6. “I can make my ex change.”

We have no power over other people. As much as you may want to change your ex, make them want you again, or get back together, that will only happen if you and your ex both want it and work to make it happen.

What to say instead: “I wish my ex still wanted to be with me. The reality is that right now they don’t, and I can’t make them change if they don’t want to. Instead of focusing on them, I’m going to devote my energy to changing and healing myself.”

7. “We’re meant to be together.”

When people use language that’s deterministic—that assumes you are meant to be together, or everything happens for a reason—it undermines your ability to affect the course of your life. It may be that you spiritually believe everything happens for a reason—and there is certainly something you can learn from this breakup. But if your relationship isn’t working for one or both of you, you aren’t meant to be together today.

What to say instead: “I really thought my ex was my partner for life—that we were meant to be together. But we aren’t together right now, so we aren’t meant to be together today. I’m going to live my life in a way that honors that truth.”

Getting Honest With Yourself

The good news is you can learn to be more honest with yourself after a breakup by practicing what I call the 3 As of Authenticity: Awareness, Assessment, and Action.

  1. Awareness of your thinking: When you notice yourself thinking any of the thoughts above, pause. Stop what you’re doing and notice the thoughts that are running through your mind.
  2. Assessment of your thoughts: Is this thought accurate and helpful? After identifying your thoughts, ask yourself whether you have evidence—actual data—that your thinking is accurate and helpful. If it isn’t, it’s time to change it.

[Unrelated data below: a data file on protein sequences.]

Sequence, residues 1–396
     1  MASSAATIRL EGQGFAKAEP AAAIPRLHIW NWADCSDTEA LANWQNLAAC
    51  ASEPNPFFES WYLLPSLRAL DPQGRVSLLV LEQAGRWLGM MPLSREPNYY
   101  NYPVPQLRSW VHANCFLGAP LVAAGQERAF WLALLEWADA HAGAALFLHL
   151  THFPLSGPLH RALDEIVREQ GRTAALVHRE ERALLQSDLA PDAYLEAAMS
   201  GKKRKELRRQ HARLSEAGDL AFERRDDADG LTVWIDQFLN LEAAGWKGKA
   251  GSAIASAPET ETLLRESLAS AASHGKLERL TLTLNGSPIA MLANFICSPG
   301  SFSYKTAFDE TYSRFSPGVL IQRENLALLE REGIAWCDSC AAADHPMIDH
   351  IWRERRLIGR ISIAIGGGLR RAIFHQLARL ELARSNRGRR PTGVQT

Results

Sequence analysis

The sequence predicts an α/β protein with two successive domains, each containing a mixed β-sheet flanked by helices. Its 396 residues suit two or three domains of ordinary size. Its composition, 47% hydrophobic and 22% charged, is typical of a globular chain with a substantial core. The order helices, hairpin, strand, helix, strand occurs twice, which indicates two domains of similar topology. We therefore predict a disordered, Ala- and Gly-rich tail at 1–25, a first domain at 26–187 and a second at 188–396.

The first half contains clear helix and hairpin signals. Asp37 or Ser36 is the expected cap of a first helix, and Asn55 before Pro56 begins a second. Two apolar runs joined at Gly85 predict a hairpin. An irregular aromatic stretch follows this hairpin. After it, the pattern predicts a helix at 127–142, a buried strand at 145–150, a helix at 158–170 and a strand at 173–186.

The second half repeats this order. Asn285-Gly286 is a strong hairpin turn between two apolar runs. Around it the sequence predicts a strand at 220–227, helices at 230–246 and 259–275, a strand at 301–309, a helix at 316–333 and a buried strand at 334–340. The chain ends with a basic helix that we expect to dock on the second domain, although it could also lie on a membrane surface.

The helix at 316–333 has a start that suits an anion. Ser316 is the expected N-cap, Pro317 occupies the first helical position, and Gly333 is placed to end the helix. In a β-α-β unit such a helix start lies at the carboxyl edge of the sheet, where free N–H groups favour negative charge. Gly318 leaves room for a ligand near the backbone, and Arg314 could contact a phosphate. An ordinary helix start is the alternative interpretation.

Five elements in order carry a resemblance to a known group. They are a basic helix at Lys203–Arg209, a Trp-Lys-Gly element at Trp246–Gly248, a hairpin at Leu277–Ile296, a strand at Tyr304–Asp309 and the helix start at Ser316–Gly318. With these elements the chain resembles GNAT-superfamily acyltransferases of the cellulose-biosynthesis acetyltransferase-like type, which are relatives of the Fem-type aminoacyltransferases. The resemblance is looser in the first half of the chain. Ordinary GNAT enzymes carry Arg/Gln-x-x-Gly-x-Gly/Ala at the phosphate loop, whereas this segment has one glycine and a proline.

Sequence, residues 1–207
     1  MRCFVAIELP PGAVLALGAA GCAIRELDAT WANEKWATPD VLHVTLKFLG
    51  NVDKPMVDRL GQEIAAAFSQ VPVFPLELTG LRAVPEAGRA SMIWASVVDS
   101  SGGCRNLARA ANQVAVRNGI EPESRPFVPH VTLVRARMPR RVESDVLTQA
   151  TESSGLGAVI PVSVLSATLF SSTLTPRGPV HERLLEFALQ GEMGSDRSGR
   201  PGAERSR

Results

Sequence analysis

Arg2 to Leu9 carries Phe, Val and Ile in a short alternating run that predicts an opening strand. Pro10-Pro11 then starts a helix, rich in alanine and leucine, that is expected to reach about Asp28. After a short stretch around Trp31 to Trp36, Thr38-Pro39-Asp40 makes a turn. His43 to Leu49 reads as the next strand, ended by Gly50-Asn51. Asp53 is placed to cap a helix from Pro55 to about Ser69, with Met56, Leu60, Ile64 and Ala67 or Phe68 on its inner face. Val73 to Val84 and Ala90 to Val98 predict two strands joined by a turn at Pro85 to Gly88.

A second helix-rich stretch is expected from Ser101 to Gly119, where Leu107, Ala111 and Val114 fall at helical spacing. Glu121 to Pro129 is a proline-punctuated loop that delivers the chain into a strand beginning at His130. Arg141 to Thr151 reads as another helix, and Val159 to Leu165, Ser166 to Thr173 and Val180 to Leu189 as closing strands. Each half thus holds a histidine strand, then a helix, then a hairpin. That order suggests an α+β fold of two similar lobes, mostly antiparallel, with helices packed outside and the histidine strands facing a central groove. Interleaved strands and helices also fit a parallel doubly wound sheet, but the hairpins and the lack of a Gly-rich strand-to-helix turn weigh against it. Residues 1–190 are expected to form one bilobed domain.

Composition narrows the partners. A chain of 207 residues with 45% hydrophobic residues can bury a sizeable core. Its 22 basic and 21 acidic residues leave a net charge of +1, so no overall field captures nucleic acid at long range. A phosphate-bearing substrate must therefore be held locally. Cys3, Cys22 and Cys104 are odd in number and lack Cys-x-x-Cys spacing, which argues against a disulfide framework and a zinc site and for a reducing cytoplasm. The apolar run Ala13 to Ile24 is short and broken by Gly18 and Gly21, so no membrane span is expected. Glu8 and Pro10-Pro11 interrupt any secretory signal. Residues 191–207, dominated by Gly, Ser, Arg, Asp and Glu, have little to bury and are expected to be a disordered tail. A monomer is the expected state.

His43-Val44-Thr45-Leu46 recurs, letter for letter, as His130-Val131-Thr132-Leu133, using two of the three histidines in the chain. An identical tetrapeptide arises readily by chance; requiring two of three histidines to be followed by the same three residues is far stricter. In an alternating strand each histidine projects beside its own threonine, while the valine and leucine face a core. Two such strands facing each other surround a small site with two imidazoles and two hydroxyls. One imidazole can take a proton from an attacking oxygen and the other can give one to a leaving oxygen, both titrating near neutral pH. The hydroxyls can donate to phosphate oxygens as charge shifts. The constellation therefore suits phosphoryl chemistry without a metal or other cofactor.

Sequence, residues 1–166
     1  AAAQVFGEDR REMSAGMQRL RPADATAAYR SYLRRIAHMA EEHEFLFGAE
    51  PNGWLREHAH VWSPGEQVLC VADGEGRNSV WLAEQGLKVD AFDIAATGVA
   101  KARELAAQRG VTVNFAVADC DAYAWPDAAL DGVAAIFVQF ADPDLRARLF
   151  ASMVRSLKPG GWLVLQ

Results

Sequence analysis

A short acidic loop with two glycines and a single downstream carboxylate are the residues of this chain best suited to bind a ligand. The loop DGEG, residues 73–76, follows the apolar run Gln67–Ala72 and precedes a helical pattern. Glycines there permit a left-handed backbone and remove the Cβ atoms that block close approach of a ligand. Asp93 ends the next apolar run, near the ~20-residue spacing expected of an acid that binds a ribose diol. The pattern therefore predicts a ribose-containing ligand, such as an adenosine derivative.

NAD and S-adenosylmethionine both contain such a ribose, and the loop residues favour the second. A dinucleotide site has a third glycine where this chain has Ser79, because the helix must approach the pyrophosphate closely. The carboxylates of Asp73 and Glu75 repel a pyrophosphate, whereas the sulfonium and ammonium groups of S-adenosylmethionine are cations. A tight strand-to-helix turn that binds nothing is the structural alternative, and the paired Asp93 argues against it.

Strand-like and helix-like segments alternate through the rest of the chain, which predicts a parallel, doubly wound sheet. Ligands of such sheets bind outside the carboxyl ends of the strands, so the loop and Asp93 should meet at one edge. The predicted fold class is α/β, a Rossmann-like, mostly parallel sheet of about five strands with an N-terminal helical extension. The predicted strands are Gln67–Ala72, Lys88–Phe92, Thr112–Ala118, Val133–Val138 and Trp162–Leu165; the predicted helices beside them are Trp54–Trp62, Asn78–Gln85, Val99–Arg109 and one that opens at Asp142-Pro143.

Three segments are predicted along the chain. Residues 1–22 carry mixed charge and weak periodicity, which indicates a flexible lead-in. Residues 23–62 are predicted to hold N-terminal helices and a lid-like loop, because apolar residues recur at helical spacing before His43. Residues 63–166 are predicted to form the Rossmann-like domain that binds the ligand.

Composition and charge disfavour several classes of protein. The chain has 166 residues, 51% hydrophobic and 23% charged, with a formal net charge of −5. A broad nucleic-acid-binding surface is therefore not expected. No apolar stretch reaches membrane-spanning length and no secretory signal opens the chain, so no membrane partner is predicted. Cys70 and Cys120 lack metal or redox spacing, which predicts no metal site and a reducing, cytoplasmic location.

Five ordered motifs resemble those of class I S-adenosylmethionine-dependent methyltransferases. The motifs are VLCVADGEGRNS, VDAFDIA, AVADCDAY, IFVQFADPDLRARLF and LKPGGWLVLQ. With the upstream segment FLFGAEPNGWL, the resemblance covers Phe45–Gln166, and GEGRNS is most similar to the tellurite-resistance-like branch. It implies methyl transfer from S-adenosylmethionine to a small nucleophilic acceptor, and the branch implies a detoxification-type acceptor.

3. Action to change your thoughts: Actively shift your thoughts to be empowering, self-enhancing, and accurate. Using the “what to say instead” examples can help get you started.

The truth is this: After a breakup, it’s common to believe some highly inaccurate things about your ex. By changing your thinking to be more helpful and accurate, you can shift your untrue beliefs about your ex to embracing your next life adventure with or without them by your side. Empower yourself with inner knowledge that you can get through this, learn skills, and even find love again if you make choices consistent with the life you want to live.

For more on how to overcome a breakup, my book Letting Go of Your Ex may be helpful.

Copyright Cortney S. Warren, Ph.D., ABPP.

Note: This content is only for informational and educational purposes and should not be considered therapy or any form of treatment. I cannot respond to personal requests for advice over the internet. Best on your continued journey.


Image Source: nd3000/Getty Images

Letting Go of Your Ex: CBT Skills to Heal the Pain of a Breakup and Overcome Love Addiction

Dr. Cortney S. Warren, PhD, ABPP

Exposed to a diversity of cultures and lifestyles from an early age, Dr. Cortney was intrigued by the ways cultural and environmental conditions affected the psychological well-being of individuals, groups, and even whole societies.